Oct. 24, 2022

Countering Swarms: Strategic Considerations and Opportunities in Drone Warfare

The Department of Defense and the U.S. Government face a significant national security challenge in adversarial use of small unmanned aircraft systems (sUAS). The available technology to create swarms of these capabilities results in multilayered and unmanageable threats. This article addresses ways to prepare for and respond to this looming challenge, colloquially known as “drone swarms.”

Oct. 24, 2022

Executive Summary

War—any war—leaves its mark on society and must be considered in everyday life, especially the unfinished work of the postwar period and any efforts to return to the prewar status quo. Today’s military and our recent veterans know what war and its aftermath look like. To some, making war is easier than keeping the peace. With this 107th edition of the Chairman’s journal, we invite you to comment on war, peace, and the in-between, as that is where you will always find the joint force.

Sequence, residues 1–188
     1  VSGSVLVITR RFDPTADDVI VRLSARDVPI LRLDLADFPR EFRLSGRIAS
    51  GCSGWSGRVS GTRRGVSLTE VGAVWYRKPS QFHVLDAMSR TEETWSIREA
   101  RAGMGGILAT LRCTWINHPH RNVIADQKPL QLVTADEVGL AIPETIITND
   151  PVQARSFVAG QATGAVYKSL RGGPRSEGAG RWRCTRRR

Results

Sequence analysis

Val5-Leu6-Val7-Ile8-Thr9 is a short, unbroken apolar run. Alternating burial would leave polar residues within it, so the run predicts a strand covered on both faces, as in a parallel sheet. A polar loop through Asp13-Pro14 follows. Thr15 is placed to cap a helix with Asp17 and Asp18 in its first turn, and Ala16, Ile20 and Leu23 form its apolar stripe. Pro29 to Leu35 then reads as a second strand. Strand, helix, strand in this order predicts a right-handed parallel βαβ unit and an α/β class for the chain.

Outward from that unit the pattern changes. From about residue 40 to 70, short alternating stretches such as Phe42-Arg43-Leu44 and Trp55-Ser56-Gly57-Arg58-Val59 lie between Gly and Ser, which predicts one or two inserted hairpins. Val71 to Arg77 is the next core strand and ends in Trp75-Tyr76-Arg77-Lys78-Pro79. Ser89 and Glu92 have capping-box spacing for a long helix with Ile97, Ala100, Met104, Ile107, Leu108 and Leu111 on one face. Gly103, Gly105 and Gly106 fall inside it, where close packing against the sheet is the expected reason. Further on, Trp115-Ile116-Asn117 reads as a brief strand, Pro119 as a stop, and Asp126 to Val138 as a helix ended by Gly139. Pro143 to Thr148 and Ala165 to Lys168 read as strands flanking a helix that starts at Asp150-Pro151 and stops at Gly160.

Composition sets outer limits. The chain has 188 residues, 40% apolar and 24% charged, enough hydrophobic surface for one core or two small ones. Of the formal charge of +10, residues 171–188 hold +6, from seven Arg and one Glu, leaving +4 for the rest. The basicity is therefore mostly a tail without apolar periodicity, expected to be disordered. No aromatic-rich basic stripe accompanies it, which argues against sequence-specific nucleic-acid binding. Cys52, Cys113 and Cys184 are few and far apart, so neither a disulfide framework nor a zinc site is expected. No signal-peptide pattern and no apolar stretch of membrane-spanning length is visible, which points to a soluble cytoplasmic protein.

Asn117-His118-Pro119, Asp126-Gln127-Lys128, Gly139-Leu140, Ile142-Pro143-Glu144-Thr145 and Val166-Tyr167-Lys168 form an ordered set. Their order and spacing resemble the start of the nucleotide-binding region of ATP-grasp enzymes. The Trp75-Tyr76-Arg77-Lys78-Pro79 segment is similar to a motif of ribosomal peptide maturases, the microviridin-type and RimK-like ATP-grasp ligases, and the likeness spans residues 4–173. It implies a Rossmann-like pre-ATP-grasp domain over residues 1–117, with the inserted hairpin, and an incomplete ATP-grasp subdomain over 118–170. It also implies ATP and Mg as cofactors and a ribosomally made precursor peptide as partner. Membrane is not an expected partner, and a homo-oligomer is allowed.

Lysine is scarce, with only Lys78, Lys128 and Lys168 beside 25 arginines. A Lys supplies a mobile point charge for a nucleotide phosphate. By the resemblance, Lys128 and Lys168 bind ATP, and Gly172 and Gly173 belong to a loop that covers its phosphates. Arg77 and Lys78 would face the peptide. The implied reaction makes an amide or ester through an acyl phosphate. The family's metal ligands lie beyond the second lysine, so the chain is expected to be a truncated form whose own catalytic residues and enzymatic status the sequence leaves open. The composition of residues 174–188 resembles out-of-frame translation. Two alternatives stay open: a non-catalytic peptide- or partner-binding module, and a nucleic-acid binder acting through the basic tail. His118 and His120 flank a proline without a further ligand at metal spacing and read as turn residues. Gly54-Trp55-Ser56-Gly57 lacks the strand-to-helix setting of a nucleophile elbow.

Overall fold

Oct. 24, 2022

The Strategy of Denial: American Defense in an Age of Great Power Conflict

In The Strategy of Denial: American Defense in an Age of Great Power Conflict, Elbridge Colby, a lead architect of the 2018 National Defense Strategy, wades into the ever-prescient debate about how the United States might compete with China in the Pacific. The Joseph Biden administration’s recent release of the 2022 Indo-Pacific Strategy and the pending release of the 2022 National Defense Strategy add urgency to a question three Presidential administrations have sought to answer: “What is the best defense strategy for America?” Colby’s work undertakes this vexing question, offering a novel strategy, as well as what many will consider to be polarizing and potentially unviable recommendations focused on a strategic realignment, in which the Biden administration would undertake not just to compete with China but to deny China the ability to achieve regional hegemony in the Indo-Pacific